When the sacrament came to me, I thought of Jesus Christ in a whole new way. He was a carpenter. I remembered working along with my friends and feeling something. I glanced around. It wasn’t just my friends; the Savior was there too.
When I’m 82 I’m going to take my grandkids out to Duvall, Washington. I’ll hobble out to “my barn” and whap it good and hard with my cane to demonstrate how sturdy it is. And I’ll say, “This is the barn my friends and I built at youth conference in 1986. I don’t know what’s wrong with these young whippersnappers today. Why don’t they do something worthwhile?”
Following the barn raising, we asked ourselves, “What made the difference? Why did this youth conference work when other years we came up short? Why did one of our young men feel confident enough to build a shed for his grandfather? Why did the stake dance committee youth say, “Let’s do the same thing next year!” Why had we spent so much in previous years when this year’s costs were cut by one-half? Here are a few guidelines we followed that we feel made the difference.
1. Prayerfully decide on an activity.
In the beginning, a counselor in the stake Young Women presidency was given the assignment of prayerfully searching six years of New Era magazines for youth conference ideas. As she studied, she reflected on the flashy and expensive activities our youth had planned in the past. They seemed so unsatisfied, always wanting more and bigger the next year. She came to the realization that our stake could no longer compete with the world’s standards of fun and entertainment. It was chilling to speculate on a conference as dramatically different as a service project.
Coincidentally, when the adult specialists were called they had independently focused on the same idea as the Young Women counselor—a barn raising.
2. Prayerfully select specialists.
The Tanners were a new couple in the stake. No one was aware that he was a builder. Their expertise was crucial when setbacks developed. The manufacturer of the trusses wouldn’t assemble and deliver until three days after youth conference. Brother Tanner knew how to apply just the right pressure to get the trusses there on time. The plans for the barn/house were submitted with the standard load of 40 pounds per square foot, but the city said the structure had to have the barn specifications of 120 pounds per square foot. Five days before construction was to commence, Brother Tanner had to scrap the blueprints and completely redo the engineering, foundation, etc. He and another builder burned midnight oil to get the plans back to the city. Since no plans were approved, he couldn’t get the trusses. What a mess. It was a miracle to finally have everything approved and ready and be able to begin the projects. The Tanners started a new business and moved out of the stake soon after youth conference. They were there when we needed them most.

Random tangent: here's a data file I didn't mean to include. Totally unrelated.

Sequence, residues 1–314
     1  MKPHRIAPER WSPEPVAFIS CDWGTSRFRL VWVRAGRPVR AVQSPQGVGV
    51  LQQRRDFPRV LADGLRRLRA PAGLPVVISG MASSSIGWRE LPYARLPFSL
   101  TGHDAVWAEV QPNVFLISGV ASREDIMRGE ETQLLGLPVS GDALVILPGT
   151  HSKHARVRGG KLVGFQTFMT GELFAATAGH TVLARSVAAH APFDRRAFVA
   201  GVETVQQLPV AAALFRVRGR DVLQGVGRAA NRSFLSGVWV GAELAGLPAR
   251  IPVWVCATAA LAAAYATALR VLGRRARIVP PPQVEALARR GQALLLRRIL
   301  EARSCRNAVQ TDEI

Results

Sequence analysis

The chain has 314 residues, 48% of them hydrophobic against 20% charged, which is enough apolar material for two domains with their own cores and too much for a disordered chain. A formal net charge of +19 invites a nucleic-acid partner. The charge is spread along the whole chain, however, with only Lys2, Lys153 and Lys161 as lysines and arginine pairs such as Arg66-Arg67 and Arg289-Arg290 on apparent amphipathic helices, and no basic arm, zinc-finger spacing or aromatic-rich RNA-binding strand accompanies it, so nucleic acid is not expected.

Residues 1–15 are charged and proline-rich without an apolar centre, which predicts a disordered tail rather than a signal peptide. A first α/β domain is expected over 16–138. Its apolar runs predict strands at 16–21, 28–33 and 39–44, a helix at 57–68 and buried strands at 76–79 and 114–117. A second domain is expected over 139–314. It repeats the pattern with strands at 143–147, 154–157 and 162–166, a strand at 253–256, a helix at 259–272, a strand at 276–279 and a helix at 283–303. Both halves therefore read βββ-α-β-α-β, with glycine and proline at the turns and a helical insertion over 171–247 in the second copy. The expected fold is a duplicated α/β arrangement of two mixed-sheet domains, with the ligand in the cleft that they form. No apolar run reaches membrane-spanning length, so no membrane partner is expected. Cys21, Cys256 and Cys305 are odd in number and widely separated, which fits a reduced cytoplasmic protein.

3. Prayerfully locate recipients.
The Roney’s are prominent members of the Catholic faith and the community. It was possible they might not accept help. Sometimes it is harder to receive than to give. When the high councilor approached Mr. Roney and suggested rebuilding his fallen barn, he was overwhelmed. A few minutes later he said, “I knew the Mormons took care of their own, but I had no idea they’d extend the help to others.” The Roney family showed profound appreciation toward us, allowing their daughter to attend girls’ camp, encouraging the stake to hold functions at their farm, and setting up a scholarship fund for our youth.
4. If the event is newsworthy, involve the media.
When the TV and newspapers were informed about the barn raisings, they said they’d send someone out for a few minutes. Although reluctant at first, the reporters were so impressed they stayed for up to three hours. Favorable segments appeared in newspapers and on local newscasts.
5. Publicize and recruit.
Getting the first registrations for the conference was like pulling bent nails. Then the committee held a fireside to drum up enthusiasm. One young man who put up a bit of a struggle when we tried to recruit him completely surprised us with his enthusiasm. The builders showed him what needed to be done, and he caught on like a pro. He worked up such an appetite that when we saw him in the chow line he held a plate loaded with vegetables. The Young Women counselor said, “Todd, I’m amazed you eat so many vegetables.” He turned to show his other plate of food. And this was only his first time through the line. It really touched us to see Todd, a young man with so much going for him, sit down with another boy who felt like he was somewhat of an outcast. The lonely boy had been struggling all day until Todd showed him the way to use his hammer and worked with him. Working side by side, the youth not only established bonds between themselves but with the adults as well. It was worth any effort to encourage each person to attend.
6. Meet often.
The committee met every two weeks from March to mid-June. We needed the meetings to try to tie down all the loose ends because so many unexpected ends unravel—like the T-shirts that weren’t ready, or the huge barbecues we borrowed which turned our hotdogs into charcoal strips, still frozen on the inside. The greased pig contest slipped away from us. The piglets were raised on a concrete floor. When released, they would only root in the grass and refused to run. The kids stood aching for action, but what’s the challenge in tackling a pig sniffing the ground?
7. Plan evening diversions.
After the games and climbing the greased pole, the bonfire featured an original song by Allen and Leony Hunt. The lyrics grew on us like muscles as we hammered:
“You love who you serve who you love,
Like a ripple in a pond it goes on and on,
We follow in the footsteps of the one who showed us how
To love who you serve who you love.”